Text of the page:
Navigating Depression and Suicidal Thoughts In Group

Photo by  Tom Pumford  on  Unsplash

Photo by Tom Pumford on Unsplash

With a string of high-profile celebrity suicides in the news—Robin Williams, Kate Spade, Anthony Bourdain—it feels like we're in the middle of a national epidemic.

In fact, according to the CDC, suicide rates are on the rise—especially among middle-aged men and women.

We hope depression, suicide, or the danger of suicide don't become a part of your leadership experience, but they might. If you're faced with navigating a difficult situation, either for yourself or a member of your group, here's a resource that can offer some basic help:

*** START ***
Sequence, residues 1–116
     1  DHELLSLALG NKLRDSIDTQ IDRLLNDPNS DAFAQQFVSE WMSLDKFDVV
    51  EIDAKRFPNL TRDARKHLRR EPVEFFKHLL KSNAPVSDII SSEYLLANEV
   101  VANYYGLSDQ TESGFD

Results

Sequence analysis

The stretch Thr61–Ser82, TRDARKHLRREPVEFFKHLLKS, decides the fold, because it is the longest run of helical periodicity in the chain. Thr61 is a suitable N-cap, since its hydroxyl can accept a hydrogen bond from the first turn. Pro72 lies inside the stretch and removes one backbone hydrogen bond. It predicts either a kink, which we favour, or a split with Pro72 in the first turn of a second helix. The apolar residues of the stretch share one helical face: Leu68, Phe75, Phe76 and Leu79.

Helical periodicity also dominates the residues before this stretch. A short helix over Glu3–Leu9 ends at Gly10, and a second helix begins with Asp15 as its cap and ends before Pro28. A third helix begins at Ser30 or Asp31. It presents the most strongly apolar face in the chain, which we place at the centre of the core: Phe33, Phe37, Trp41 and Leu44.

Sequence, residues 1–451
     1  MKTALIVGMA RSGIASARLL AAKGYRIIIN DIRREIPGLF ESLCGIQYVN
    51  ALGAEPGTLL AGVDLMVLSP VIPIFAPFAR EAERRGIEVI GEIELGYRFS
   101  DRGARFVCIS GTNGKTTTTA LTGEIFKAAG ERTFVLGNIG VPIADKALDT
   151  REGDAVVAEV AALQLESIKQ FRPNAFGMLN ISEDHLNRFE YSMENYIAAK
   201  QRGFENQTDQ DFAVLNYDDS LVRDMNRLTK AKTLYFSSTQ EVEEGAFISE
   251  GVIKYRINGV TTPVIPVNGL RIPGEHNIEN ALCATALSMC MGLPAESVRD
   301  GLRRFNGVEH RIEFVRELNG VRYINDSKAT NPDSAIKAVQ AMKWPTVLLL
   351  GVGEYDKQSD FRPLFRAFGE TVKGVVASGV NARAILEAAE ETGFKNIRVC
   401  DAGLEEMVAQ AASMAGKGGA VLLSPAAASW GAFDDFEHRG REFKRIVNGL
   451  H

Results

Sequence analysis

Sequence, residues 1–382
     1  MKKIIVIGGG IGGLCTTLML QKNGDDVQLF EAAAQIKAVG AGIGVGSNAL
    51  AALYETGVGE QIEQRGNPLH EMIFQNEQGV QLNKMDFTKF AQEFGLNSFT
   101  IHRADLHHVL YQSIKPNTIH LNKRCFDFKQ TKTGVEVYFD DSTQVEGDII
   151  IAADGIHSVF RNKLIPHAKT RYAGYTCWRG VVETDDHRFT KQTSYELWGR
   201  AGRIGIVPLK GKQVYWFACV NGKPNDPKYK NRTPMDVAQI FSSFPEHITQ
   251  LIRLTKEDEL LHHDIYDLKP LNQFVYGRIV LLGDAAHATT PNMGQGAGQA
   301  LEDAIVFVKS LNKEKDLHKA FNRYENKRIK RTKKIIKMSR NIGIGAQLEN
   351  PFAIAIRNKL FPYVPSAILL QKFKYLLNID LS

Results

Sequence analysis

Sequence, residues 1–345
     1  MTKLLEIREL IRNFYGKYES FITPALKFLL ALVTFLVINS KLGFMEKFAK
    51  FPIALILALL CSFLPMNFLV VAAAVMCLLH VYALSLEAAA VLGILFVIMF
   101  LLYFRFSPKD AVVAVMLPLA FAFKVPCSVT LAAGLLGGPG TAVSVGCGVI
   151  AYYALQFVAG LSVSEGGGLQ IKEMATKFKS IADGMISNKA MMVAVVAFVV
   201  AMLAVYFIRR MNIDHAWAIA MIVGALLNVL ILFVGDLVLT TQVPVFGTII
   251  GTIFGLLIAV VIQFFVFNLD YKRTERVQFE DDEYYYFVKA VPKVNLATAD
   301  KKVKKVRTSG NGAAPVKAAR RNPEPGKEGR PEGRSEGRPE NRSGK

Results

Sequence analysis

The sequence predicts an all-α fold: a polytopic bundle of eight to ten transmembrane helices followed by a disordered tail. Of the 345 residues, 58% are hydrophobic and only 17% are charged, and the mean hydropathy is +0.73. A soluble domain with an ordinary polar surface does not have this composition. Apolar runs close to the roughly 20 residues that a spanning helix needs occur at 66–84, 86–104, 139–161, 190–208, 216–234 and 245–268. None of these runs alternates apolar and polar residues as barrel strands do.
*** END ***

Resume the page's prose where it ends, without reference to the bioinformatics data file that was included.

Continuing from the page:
It should go without saying that a two-page PDF isn't a comprehensive solution to a problem as big as depression and suicidal thoughts.

Don't go it alone. I can't emphasize this enough. Depression and suicidal ideation are not problems a group should try to handle on its own.

If you think someone in your group is at risk for suicide, please reach out to your groups director or the Care ministry at church. Involve a pastor on staff, so that they can engage the professionals needed to encourage, support, and help your struggling group member.

Your group member doesn't have to be alone in their struggle, and neither do you.